PETALING JAYA – Closing down vernacular schools in the name of national unity would not address the root causes of disunity, MCA said.
Its religious harmony bureau chairman Datuk Seri Ti Lian Ker (pic) said vernacular schools were often “unfairly blamed” for not promoting national unity.
He said there were many factors that could cause disunity, but blaming the education system would not solve the problem.
This was what happened when premier colonial schools were shut down in the past, which Ti said, had been a mistake.
“When it came to the topic of unity, vernacular schools would often come under the microscope and be unfairly blamed for not promoting national unity.
“However, how many have microscoped the national schools system and highlighted the myriads of practices and factors that have created a social and national divide from young?” he said in a statement.
Ti said if the belief became prevalent, vernacular schools would suffer the same fate as the English-language education system.
“In those days, the English schools were the premier schools in the country. All parents wanted their children to study in English schools.
“It was a ‘melting pot’ sought for by Malaysians until it was singled out for political attack.
“They were so popular even among Chinese parents that some vernacular schools began dying a natural death as they could no longer attract students.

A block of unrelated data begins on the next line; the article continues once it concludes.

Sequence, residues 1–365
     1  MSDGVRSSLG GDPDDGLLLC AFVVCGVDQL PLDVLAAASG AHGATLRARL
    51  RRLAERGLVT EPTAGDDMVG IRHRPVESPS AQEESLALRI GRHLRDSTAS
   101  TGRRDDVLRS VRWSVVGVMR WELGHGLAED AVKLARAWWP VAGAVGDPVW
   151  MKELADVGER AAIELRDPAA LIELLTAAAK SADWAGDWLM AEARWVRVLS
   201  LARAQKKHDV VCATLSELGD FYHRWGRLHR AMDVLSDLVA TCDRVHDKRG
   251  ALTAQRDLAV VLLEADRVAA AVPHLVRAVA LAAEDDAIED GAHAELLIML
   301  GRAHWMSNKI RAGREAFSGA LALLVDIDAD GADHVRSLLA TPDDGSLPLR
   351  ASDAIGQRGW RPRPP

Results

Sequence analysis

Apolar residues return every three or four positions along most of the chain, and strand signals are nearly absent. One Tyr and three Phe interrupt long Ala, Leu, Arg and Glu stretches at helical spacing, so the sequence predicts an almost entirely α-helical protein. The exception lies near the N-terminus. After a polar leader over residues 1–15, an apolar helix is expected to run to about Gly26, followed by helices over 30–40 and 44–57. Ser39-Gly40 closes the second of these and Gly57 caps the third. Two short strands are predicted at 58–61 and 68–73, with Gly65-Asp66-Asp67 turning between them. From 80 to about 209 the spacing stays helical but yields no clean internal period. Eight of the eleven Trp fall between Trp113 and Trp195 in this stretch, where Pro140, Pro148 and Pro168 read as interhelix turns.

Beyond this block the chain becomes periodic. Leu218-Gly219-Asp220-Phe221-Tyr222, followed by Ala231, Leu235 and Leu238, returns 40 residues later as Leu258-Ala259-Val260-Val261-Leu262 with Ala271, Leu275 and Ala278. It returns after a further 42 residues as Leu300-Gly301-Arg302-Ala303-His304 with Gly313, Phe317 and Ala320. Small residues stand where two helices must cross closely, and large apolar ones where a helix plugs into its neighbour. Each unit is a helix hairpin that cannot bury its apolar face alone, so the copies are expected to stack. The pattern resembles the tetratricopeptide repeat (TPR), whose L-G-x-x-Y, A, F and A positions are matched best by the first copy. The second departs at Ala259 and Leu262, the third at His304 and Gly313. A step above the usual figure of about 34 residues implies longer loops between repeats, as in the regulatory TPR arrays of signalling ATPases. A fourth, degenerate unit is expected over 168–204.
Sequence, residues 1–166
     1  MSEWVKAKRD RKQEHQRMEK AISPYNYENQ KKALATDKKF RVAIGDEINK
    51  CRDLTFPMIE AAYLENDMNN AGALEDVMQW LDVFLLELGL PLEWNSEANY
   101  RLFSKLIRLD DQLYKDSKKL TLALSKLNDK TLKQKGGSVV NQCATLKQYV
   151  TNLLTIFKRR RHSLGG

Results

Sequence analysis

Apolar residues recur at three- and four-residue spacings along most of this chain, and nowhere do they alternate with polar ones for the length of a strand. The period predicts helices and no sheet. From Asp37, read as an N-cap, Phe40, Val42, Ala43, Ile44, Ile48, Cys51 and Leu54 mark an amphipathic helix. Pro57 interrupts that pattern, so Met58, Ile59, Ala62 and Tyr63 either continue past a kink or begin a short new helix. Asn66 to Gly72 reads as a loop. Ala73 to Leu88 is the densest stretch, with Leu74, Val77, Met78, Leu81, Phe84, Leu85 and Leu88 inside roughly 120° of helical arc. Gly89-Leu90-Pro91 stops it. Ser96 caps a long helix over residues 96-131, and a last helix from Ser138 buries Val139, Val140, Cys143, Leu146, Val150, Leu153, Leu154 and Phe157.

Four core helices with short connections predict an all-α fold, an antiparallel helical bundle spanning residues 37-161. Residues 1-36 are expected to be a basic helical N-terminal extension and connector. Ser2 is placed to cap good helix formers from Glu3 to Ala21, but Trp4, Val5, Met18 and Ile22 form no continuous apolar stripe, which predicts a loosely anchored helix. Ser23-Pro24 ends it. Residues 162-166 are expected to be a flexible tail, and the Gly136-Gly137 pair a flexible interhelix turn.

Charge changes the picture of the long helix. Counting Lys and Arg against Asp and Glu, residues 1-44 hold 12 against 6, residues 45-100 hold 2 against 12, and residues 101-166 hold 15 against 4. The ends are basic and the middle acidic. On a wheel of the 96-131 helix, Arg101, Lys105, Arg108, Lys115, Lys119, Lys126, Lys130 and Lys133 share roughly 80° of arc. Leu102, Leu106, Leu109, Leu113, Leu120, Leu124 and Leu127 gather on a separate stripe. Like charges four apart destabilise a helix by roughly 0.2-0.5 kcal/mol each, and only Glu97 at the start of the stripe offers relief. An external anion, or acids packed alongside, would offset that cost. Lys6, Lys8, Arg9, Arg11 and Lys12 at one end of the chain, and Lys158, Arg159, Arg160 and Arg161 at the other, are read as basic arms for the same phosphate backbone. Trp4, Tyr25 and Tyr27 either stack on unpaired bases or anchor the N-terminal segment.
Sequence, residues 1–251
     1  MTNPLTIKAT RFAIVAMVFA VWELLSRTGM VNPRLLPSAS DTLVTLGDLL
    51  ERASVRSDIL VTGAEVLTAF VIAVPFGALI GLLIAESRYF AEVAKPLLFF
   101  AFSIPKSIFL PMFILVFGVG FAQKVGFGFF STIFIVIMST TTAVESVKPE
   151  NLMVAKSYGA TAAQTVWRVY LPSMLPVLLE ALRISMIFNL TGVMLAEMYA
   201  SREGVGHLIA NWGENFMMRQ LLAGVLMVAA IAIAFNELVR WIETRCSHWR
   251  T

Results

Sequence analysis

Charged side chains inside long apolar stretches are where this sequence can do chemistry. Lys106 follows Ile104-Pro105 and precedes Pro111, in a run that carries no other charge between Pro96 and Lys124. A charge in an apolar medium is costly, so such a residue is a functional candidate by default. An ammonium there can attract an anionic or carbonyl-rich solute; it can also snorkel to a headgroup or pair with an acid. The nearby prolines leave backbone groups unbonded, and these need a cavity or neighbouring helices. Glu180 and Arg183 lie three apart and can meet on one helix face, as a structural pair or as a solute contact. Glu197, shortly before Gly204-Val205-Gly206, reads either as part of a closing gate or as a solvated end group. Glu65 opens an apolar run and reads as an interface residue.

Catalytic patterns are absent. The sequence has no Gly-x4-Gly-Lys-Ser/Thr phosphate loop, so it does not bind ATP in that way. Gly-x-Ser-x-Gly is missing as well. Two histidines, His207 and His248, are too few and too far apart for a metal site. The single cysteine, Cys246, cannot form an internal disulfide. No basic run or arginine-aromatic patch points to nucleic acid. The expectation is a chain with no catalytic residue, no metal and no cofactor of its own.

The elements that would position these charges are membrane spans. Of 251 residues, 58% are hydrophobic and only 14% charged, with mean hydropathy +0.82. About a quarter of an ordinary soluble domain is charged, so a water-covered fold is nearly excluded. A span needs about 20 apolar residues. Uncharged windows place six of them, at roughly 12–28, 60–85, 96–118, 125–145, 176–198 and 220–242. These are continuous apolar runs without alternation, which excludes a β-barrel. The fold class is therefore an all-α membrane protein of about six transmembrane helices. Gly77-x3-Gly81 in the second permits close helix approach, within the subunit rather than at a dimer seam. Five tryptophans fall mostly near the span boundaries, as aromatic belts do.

“Chinese educationists at the time were very worried about the popularity of English schools.
“However, the English schools later became the target of nationalists who felt that such schools were remnants of Malaysia’s colonial past.
“We should try to fix what was wrong with our national unity agenda but not picking on a particular school at the expense of education. In the end education became the ultimate victim of politicking,” said Ti.
He said it was also wrong to say that people would only be united under one school system.
“(That) is equivalent to saying that if all Malaysians are converted to become Muslims, we will be united. That is a false analogy indeed.
“When it comes to unity, there is no room for oversimplification, as there are many factors affecting national unity,” he said.
He said instead of “disturbing” the vernacular schools, people should instead focus on the type of the education the students are getting.
“After the ever popular English schools were done away with, people went back to Chinese schools and now Chinese schools are slowly becoming the schools of choice.
“The question is where do we move from here? Not simply suggest a close down without a proper study or providing a better alternative!” he said.
Johor Crown Prince Tunku Ismail Ibrahim had recently questioned whether Malaysia’s vernacular schools promote unity and expressed his vision for multiracial “Bangsa Johor” schools, or Johor nationality schools, in the future. – The Star Online